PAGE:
Tracking Writing for consistency
One of the best techniques for improving your writing consistency is to track your progress. By using a simple method for keeping a record of your sessions, you will see the accumulated evidence of your work. Viewing this record over time will motivate you, and the desire to keep the string of successes unbroken will deter you from skipping.
I’ve found four methods that work particularly well for tracking. Pick one and try it for a while. If it doesn’t work, try one of the others. You may even find, as I have, that using multiple methods simultaneously can help. Each approach has unique advantages.
The easiest way to track your progress is to use a physical calendar that you keep somewhere prominent, preferably near your writing space. Every day after you have written, put an X through the day on the calendar. Do this repeatedly and you will get to see an aggregate of Xs over the course of the month. It’s fulfilling to watch the month fill up with crossed out days, and gradually, you will become very reluctant to miss a day and ruin the look of the calendar.
This technique was made popular by Jerry Seinfeld, who made a goal for himself to write a new joke every day. He would put an X through the day and found over time that this habit was ingrained; he'd automatically write a joke every day. This is a great technique; I've seen people use it with regular success. I think the best part of this technique is its simplicity.
If you're a traditionalist, it's hard to beat a pen and paper journal. You could also employ a digital journal, either with a dedicated program like Day One, or a general text-based program like Word or Evernote.
Just a simple entry each day will help you to stay in the groove and maintain your routine. If you feel like writing at length, go for it, but I recommend keeping the entries short and uncomplicated. It may be helpful to list how many words you wrote, what specific project you worked on, and how you are feeling about your writing.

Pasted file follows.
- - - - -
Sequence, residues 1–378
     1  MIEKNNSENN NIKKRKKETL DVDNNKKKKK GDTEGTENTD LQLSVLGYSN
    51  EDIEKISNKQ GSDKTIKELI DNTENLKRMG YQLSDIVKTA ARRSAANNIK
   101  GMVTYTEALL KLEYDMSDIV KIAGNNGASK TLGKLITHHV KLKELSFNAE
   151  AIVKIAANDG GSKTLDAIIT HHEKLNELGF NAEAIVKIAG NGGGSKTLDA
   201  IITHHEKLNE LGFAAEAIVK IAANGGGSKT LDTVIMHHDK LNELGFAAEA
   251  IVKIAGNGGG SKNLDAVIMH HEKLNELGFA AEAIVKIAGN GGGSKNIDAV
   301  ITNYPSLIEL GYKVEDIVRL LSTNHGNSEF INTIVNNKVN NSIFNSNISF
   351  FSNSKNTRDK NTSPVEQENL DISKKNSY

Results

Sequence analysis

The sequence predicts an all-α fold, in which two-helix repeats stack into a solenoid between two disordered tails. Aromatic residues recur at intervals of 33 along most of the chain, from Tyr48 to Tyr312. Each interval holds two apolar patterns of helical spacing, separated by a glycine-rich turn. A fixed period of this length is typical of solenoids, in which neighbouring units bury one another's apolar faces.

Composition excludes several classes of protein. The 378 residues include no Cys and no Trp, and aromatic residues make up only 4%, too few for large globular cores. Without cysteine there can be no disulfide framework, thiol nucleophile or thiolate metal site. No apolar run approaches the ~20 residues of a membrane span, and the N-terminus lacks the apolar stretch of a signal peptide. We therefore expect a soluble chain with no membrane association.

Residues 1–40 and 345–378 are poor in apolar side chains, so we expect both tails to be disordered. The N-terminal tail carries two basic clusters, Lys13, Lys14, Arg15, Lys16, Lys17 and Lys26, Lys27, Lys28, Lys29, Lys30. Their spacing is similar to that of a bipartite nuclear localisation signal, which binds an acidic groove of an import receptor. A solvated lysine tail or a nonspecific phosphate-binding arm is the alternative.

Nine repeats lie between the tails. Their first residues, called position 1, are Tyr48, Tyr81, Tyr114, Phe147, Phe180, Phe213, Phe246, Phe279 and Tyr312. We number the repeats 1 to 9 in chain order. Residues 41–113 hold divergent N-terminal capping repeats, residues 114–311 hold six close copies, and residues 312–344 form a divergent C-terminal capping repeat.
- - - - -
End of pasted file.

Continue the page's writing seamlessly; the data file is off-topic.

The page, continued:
A goal-tracking app
Thousands of habit-tracking apps are available on computer, tablet, or phone. While many of these apps are general in their focus, some of them can be tailored to focus on writing in particular.
I use a simple app called Commit on my iPhone. This app helps me to track the number of days that I have written successively. As simple as it is, the app helps me to stay consistent. The longer I go without missing a day, the less willing I am to skip.
I'm very transparent about my love the for the Scrivener program. Scrivener is sort of like Photoshop for writers, and like Photoshop, it has more features than the average user will ever employ. One of my favorite features in the program is for target word counts. This feature allows you to set an overall writing goal that you spread over a length of time (a week or a month, for example). The program will average out the number of words you need to write each day to keep you on track. Every time you reach the goal, you get a satisfying ding sound. If you don't reach the target or exceed the target in a given day, the program will adjust the number of words needed to stay on track for your goal completion date. The progress-tracking features on Scrivener are extremely helpful, particularly when writing a long work, such as a book.
Stay on track
Whatever method you choose, try keeping a record of your writing. The discipline of tracking serves as a parallel for the routine of writing, reinforcing your daily habit. You will become more connected to your work and ultimately, a stronger, more confident writer.